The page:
Raleigh, N.C. — Scattered showers and some thunderstorms were moving into North Carolina Tuesday afternoon as Beryl moved north and east on a return path to the Atlantic. Beryl had dropped to tropical depression status with winds of just 30 mph as it tracked through Georgia.
The storm is expected to regain strength and even return to tropical storm status briefly as it quickens its tread toward Cape Lookout over the next 24 hours, said WRAL Chief Meteorologist Greg Fishel.
Rising humidity, scattered storms and cumulus clouds presaged the changing conditions in the Triangle.
"The rain will get down to business late tonight and then continue tomorrow, although we do think it will start to taper off from the south and west as we head into the afternoon," Fishel said.
The system will pass closest to North Carolina Wednesday morning, bringing drenching rain to an area from Wilmington south to Myrtle Beach, said WRAL meteorologist Nate Johnson.
"There is going to a sharp gradient in the amount of rain that falls," WRAL meteorologist Elizabeth Gardner said. "Certainly, parts of our viewing area could end up with a quarter-inch of rain, especially north and west of the Triangle. Then, as you go south and east, we could be looking at 3 to 4 inches. There might be places along the coast that end up with 4 to 6 inches of rain."
Some localized flooding is expected in coastal counties, and a flash flood watch extends as far west as Johnston, Harnett and Cumberland counties.
At the beaches near Wilmington, towns began taking precautionary measures Tuesday ahead of the storm. Freeman Park at Carolina Beach has closed until Thursday due to concerns about high surf.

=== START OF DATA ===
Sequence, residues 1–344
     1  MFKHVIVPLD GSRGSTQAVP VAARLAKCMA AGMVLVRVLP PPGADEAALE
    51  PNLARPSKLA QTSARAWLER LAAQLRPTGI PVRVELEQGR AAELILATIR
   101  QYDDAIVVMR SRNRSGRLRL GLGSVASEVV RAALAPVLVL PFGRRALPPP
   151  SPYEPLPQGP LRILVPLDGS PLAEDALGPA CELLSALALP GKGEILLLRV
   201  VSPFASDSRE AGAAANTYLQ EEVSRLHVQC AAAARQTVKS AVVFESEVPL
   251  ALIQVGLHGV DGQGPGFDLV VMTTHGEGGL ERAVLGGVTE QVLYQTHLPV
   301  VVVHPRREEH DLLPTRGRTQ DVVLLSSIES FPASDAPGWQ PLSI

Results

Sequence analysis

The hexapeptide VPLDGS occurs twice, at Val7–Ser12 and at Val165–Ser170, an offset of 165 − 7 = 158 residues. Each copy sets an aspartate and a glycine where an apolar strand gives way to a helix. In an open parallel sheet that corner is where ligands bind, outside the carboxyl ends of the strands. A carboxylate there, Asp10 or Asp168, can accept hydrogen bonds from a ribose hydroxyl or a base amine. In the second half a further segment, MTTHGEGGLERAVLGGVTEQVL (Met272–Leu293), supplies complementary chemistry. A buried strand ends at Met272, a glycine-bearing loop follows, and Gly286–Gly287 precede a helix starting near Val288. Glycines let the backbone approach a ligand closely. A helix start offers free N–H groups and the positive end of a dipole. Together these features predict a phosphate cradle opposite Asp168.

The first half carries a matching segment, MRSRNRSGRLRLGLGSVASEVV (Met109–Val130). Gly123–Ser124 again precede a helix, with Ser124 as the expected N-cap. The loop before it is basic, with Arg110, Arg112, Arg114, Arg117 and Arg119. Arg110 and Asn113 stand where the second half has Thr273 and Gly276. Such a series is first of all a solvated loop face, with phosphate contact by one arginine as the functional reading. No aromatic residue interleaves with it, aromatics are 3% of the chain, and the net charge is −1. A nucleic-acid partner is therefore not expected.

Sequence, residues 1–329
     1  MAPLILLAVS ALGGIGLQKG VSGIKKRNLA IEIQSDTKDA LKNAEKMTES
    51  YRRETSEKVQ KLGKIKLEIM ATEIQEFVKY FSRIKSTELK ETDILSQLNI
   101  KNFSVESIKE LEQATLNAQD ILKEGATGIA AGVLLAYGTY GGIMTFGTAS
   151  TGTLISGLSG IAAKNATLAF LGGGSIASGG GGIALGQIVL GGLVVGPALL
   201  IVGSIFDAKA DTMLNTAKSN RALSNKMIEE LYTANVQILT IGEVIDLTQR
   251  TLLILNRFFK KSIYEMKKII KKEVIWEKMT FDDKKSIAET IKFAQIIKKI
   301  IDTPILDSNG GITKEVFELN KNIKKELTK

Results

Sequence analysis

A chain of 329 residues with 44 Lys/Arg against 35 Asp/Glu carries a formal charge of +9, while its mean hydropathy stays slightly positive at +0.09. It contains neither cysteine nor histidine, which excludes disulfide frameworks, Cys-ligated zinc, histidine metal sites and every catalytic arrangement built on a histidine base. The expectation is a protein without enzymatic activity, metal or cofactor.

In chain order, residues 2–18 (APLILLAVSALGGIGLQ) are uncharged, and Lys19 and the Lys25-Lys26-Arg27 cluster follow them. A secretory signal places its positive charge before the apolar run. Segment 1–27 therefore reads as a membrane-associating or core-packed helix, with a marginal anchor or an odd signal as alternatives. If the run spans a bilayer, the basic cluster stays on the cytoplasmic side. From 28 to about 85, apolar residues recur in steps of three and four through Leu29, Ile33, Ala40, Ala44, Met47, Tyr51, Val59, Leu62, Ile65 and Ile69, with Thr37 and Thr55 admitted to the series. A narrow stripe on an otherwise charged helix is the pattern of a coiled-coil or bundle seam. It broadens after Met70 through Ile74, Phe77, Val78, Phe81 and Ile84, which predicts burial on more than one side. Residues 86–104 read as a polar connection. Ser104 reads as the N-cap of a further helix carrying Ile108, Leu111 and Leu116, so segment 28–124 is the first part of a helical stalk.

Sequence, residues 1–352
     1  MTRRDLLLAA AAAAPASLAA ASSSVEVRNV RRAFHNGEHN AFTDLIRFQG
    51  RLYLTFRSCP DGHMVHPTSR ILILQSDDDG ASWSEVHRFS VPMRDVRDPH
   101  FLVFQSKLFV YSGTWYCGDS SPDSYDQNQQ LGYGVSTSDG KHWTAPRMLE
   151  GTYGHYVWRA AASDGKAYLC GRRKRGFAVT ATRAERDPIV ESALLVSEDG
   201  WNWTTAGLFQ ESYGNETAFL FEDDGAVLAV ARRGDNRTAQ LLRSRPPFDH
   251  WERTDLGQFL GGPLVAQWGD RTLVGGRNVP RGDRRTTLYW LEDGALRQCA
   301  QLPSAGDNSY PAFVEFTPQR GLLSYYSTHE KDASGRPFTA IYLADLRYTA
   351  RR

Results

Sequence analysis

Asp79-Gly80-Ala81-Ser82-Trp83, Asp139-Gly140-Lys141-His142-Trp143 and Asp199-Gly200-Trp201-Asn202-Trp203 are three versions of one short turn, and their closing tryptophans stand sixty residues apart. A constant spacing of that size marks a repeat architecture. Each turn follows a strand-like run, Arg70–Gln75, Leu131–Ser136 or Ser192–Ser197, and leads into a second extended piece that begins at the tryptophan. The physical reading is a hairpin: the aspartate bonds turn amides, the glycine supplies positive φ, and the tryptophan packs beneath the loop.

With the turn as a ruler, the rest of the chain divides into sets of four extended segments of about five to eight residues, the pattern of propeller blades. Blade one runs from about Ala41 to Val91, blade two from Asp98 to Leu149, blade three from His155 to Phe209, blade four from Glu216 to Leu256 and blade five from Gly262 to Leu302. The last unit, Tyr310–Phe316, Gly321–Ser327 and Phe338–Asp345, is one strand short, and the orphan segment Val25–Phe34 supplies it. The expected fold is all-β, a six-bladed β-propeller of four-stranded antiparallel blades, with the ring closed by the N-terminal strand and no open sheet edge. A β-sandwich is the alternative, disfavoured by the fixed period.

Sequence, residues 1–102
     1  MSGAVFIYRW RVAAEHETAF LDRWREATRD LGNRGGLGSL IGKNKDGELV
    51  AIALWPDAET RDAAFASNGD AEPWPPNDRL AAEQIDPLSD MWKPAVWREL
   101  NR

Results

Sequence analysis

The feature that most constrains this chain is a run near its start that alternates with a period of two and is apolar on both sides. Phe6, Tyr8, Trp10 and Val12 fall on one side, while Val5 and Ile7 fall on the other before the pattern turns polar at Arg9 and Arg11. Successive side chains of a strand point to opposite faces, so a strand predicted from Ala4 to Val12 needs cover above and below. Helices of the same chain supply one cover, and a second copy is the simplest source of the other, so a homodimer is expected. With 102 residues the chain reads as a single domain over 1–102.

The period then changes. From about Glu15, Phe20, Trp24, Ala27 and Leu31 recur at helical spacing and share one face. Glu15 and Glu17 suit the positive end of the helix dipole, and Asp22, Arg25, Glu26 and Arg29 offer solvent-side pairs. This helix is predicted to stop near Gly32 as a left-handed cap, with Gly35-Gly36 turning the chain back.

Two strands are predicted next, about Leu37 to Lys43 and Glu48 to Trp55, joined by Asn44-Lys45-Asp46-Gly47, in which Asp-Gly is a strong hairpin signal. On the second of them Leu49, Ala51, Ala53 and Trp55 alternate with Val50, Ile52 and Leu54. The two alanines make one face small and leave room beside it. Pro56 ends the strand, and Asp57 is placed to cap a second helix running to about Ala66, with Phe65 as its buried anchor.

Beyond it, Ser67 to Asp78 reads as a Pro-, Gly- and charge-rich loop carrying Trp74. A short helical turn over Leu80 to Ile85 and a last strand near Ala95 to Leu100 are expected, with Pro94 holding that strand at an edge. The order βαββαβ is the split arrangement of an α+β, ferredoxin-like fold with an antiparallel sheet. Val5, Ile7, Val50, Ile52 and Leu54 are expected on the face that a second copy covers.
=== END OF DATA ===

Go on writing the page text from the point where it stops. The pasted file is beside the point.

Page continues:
"(Beryl) could bring surf up to the dune line, but we are not expecting any overwash or erosion issues," said Warren Lee, emergency management director for New Hanover County.
Conditions were calm at Wrightsville Beach Tuesday afternoon and evening. Resident Jonathan Smylie called the weather "perfect."
Agriculture Commissioner Steve Troxler issued a reminder Tuesday for farmers to prepare for hurricane season, which officially begins Friday. He recommended that farmers have an emergency plan to include generation of electricity and a supply of drinkable water should they lose power in storm.
He offered these additional tips:
- Store or secure items or equipment that might blow away.
- Identify places to relocate animals from low-lying areas.
- Check generators to be sure they are in good working order and secure a sufficient amount of fuel to operate them. Or contact local farm suppliers and rental companies in advance to reserve a generator in the event of a power outage.
- Turn off the propane supply at tanks.
- Secure propane tanks in the event of flooding to prevent them from floating away.
- Move equipment to the highest open ground possible away from trees or buildings that could cause damage.
- Mark animals with an identifier so they can be easily returned if lost. Examples are ear tags with name of farm and phone numbers, brands, paint markings on hooves or coat or clipped initials in the hair.
- Move feed to higher ground or to a more accessible place in case of flooding or transportation problems.
- Pesticide storage areas should be secure, and farmers in low-lying areas should do whatever they can to elevate or move pesticides to locations that are less likely to flood.
- Coordinate with neighbors beforehand and discuss what resources can be shared, such as a backhoe or livestock panels.
- Keep a list of important phone numbers in order to make calls following a storm, including the local emergency management office, county extension agent, insurance agent, county Farm Service Agency and private veterinarian.
- Be prepared to photograph and document damage once storm has passed.
By Thursday, clear skies and much warmer weather is in the forecast, and the chance for summer afternoon thunderstorms returns on Friday.
Following Tropical Storm Alberto, Beryl is the second named storm in May, appearing before the Atlantic hurricane season officially starts on June 1.
The last time two such strong storms formed before hurricane season was 1908, which saw hurricanes in March and May. Before that, two tropical storms formed in May 1887.